There’s no point in trying to play it safe, as has become obvious in the last few days.
A couple of weeks ago I referred obliquely to a celebrity children’s book. I was asked to do an interview with the author, but on second thoughts I decided against, because he didn’t have time to take part in this publicity the way I’d like.
I knew next to nothing about David Baddiel, so had nothing bad to say. Or good. After googling him, I found him to be a pleasant looking man, and as he has previously written a few adult novels, I’m thinking he might not be a bad author, even of children’s books. The topic – choosing your parents – doesn’t appeal, but then I’m more parent than child, and would rather not be unchosen by mine.
Reading the Guardian Family last Saturday I discovered David had had time for them. At least to pose for a very nice photo. The interview might have been a phone one, for all I know, and is sufficiently padded that it could have been pretty brief. And I guess the article writer hadn’t read the book.
If I’d got access to David, I would have. And let’s be honest, I was only vaguely interested in the whole thing because he’s a bit famous (while not being Katie Price). And because I didn’t know him or his work, I felt that might make it fun.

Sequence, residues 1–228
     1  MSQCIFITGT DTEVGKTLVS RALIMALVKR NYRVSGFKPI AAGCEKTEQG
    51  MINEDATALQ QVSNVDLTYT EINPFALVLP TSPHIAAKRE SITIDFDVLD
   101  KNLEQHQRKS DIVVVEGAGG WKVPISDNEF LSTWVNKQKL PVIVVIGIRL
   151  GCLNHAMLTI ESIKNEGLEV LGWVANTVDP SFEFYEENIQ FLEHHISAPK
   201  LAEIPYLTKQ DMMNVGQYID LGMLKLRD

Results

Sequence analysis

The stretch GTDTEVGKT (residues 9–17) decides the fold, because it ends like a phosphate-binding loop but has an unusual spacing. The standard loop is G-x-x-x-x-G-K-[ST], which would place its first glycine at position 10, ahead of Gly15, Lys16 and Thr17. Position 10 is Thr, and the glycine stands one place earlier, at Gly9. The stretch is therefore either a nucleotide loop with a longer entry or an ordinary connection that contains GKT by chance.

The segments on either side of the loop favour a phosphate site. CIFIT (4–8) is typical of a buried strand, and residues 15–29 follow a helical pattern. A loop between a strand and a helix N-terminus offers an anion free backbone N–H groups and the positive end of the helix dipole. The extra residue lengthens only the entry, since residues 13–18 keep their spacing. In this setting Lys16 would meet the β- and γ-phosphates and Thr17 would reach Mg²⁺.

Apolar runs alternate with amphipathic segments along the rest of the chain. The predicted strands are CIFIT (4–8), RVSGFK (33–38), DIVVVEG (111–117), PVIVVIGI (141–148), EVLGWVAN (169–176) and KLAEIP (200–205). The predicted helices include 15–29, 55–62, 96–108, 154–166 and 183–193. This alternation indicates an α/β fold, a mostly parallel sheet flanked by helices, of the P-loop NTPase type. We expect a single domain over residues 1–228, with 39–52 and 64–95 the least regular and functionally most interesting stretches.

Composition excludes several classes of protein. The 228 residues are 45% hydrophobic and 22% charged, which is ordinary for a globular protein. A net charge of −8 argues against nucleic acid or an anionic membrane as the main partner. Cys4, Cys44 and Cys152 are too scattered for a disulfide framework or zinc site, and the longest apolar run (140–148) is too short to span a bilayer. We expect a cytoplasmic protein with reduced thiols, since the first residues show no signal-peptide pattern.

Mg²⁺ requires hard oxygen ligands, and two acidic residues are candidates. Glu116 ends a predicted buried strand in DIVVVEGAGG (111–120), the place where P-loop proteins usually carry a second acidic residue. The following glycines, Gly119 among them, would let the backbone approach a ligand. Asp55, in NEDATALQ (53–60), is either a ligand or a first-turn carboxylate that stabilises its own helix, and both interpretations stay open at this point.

Apparently he did a radio interview about the book as well. That’s fine. His publicist got him a lot of attention, as she should do. I just don’t know why I was asked. I don’t get paid. I need something in return, other than a book. To meet people I have chosen myself is my main reward. Having ‘unknowns’ thrust upon me, I need to feel there is something a wee bit different, even outstanding, about my victim.
And they do need to reciprocate a little in effort. I will travel, and meet up, and write up, in return for as little as twenty minutes in person. Stupid of me, I know.
David seems like a nice man. Which is nice. Just too busy. Which for his sake is probably also nice. I’m also busy, so it was for the best that we were busy being busy at the same time.